UCLA Weather

from the Department of Atmospheric and Oceanic Sciences.

Monday - 10:12pm



High - 79°

Low - 59°

Today: Sunny, with a high near 77. North northeast wind 5 to 10 mph becoming southwest in the afternoon. Mostly clear, with a low around 59. North wind 5 to 10 mph, with gusts as high as 15 mph. *NWS LA

Five Day Forecast

Latest Average Hourly Temperatures

Yesterday, a weak, upper level trough of low pressure passed through the Southwest. It helped promote a good, on-shore flow. That in turn, helped promote widespread, marine layer clouds in the coastal plain (into some coastal, valley locales too, albeit briefly). Yesterday's daytime temperatures were confined to the 60s. Today, a weak off-shore flow exists (some breezy conditions in Santa Ana wind prone areas at higher elevations...under 30 mph gusts, for the most part). While it's warmer today than yesterday, subsidence warming is relatively weak. Afternoon temperatures are still running at or slightly lower than seasonal normals (warmest spots in the valleys barely up to the mid-70s).

This off-shore flow will end quickly overnight. Another, "inside slider" type trough will approach tomorrow. The trough will produce some light precipitation over the northern most part of the state, and some isolated showers should occur over the Sierras, but for most of the state, it'll be just a wind storm. Down in southern California, the brief return of on-shore flow and an expected, coastal eddy should promote coastal low clouds tomorrow morning. That should be the extent of clouds with this system into the Southland (maybe some high clouds too for some areas). After early Thanksgiving morning, marine layer clouds should be absent from the weather scene for several days.

The approaching trough will promote breezy weather in the interior beginning late tomorrow. If most computer model forecasts are right, widespread breezy weather should prevail on Thanksgiving Day (particularly Santa Ana wind prone areas). There is potential for peak wind gusts in the higher mountains to reach 60 mph (nothing widespread nor of long duration though). Even the Santa Ana wind prone areas at low elevations may see some gusts over 35 mph (mainly morning hours). There could be a minor lull in the afternoon, but it should pick up strength again Thursday evening into early Friday. By that point, however, decreasing upper air support may lead to less wind in the lowlands (far from calm, however). The off-shore flow should weaken over the latter half of the holiday weekend, but it's not expected to go away completely.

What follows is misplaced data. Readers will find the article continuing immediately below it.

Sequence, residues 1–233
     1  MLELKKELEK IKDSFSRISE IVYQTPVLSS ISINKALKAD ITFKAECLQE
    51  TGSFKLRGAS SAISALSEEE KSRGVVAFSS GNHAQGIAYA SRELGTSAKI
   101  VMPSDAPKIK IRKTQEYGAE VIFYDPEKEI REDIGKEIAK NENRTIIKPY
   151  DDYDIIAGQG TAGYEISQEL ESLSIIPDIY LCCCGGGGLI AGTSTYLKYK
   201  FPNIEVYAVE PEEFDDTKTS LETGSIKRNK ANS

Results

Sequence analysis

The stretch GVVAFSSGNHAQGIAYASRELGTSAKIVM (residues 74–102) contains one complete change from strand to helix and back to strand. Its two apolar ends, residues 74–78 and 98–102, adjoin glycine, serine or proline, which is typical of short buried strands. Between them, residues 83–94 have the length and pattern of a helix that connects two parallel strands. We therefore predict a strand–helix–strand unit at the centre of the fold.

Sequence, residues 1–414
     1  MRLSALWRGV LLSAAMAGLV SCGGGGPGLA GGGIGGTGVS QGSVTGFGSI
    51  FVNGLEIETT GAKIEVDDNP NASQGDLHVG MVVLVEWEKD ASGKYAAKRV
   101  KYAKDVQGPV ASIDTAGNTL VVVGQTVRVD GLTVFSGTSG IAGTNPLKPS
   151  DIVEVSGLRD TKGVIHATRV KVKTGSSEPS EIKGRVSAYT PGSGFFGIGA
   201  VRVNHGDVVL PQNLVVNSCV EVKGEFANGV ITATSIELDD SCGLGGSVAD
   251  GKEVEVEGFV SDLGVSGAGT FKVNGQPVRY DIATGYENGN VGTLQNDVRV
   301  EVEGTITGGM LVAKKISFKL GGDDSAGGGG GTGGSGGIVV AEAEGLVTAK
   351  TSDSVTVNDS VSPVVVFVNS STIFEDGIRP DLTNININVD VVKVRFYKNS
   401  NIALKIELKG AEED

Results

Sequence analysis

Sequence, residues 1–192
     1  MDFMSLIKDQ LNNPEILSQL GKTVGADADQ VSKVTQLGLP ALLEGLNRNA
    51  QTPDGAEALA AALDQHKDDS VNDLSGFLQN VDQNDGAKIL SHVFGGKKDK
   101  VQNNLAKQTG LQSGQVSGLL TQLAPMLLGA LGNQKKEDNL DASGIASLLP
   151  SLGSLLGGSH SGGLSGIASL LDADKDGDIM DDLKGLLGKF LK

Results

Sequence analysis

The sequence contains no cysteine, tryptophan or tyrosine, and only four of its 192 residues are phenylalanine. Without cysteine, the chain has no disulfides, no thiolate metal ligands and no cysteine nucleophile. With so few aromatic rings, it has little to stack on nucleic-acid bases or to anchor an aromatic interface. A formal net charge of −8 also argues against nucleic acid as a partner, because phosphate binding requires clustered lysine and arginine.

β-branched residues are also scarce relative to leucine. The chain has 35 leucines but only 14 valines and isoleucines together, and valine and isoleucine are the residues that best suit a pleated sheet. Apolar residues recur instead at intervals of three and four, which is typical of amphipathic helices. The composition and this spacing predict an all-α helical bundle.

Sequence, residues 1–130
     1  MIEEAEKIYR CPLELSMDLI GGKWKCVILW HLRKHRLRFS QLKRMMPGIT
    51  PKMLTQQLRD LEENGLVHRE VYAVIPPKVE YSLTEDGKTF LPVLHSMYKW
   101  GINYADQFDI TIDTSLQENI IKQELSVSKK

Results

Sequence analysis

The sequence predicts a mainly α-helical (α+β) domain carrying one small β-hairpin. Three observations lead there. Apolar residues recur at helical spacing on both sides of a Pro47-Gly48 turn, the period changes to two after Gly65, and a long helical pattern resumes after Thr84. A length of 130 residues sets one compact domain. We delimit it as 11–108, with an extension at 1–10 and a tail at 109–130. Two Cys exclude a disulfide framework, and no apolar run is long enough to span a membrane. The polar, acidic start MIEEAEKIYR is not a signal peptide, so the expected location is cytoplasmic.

The "inside slider" will usher in polar air on Thanksgiving Day. So, subsidence warming from the off-shore flow won't be able to warm the air significantly at first (a "cool" Santa Ana wind). Unless the polar incursion ends up minor, Thursday temperatures should be cooler than normal (a little higher most areas than what occurs tomorrow though). By the way, a minor incursion would also result in a less windy event (polar air boundary will help provide the necessary, upper air support for windy weather). As the polar air incursion ceases later in the week, temperatures west of the mountain should increase more noticeably. None of the various models show high pressure getting strong enough to promote widespread 80 degree weather this weekend.

Depending on which model forecast is right, another, weaker, "inside slider" may pass nearby on Monday or Tuesday next week. Slightly cooler weather should result, but it should still remain warmer than normal. If today's model consensus is right, renewed warming will occur thereafter (for a couple of days). There is some potential for widespread 80 degree weather for a day next week. Toward the end of next week, some model solutions show a weak, upper level trough reaching southern California. It should be too weak for a relevant shower threat, but temperatures should fall back to seasonable levels by the subsequent weekend, assuming this scenario verifies (???).

Happy Thanksgiving to all!

Next scheduled synopsis should be on Tuesday, 1 December (none this Thursday, 26 November).

UCLA Forecasts and analyses are written by James Murakami

– posted: 2020-11-24

Data and technology is provided by UCLA's Department of Atmospheric and Oceanic Sciences

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